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Washington, DC — It's an annual rite of spring: each year the American Society of Cataract and Refractive Surgery (ASCRS) passes the baton from one leader to another. Roger Steinert, MD, assumed the presidency of the society during its general session Saturday morning.
April 17 - Washington, DC - It's an annual rite of spring: each year the American Society of Cataract and Refractive Surgery (ASCRS) passes the baton from one leader to another. Roger Steinert, MD, assumed the presidency of the society during its general session Saturday morning.
Dr. Steinert begins his term as the group's newly updated mission statement is put into action. That being: "to advance the art and science of ophthalmic surgery and the knowledge and skills of ophthalmic surgeons. It does so by providing clinical and practice management education and by working with patients, government, and the medical community to promote the quality of eye care."
These are worthy goals, Dr. Steinert said. The challenge will be to continue the momentum generated by outgoing President Priscilla Arnold, MD. Last year, ASCRS' committees and staff re-evaluated the group's mission. The end result was an unanimous agreement to be more creative and aggressive in identifying the changing needs of its membership.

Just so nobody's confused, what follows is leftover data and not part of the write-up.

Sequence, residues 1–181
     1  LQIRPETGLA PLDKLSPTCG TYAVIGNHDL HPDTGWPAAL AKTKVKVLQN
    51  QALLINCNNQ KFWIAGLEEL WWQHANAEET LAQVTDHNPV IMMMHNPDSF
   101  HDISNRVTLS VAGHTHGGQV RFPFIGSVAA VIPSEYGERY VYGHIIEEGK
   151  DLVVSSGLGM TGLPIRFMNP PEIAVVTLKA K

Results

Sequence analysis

"The theme for this year, therefore, is inclusion," Dr. Steinert said. "To paraphrase the old recruiting slogan, "Uncle ASCRS wants you! We all support each other, and that is our collective strength."
A number of educational and political initiatives are key to this inclusion. For one, the area of e-learning is designed to enhance the learning experience. The annual meeting contains too much good educational material that is largely lost once it is spoken, Dr. Steinert said.
"We have many members who deserve to benefit from this material even if they cannot attend the annual meeting," Dr. Steinert said.
In addition to educational initiatives, many political issues abound.
"Medicare payment issues take a new tack with pay-for-performance initiatives. Political pressure is building to allow Medicare patients to pay for elective enhancements to procedures," Dr. Steinert said. "President Bush has articulated tort reform as one of his key goals. We have scored some victories in the going struggle over scope of practice.
"It is not all bad news, but the stakes in the advocacy arena have never been higher," Dr. Steinert said. "We turn to you, our members, to be included.
"Every person in this room should make an EyePac contribution that stretches to the highest amount possible," he said. "Optometrists with substantially lower incomes are contributing much more than ophthalmologists in order to take your profession away from you."
He added that members need to be included in those who become known to political leaders at every level in state as well as federal government, and support politicians who understand the path to best patient care.
"This is where the battles are won and lost," Dr. Steinert concluded.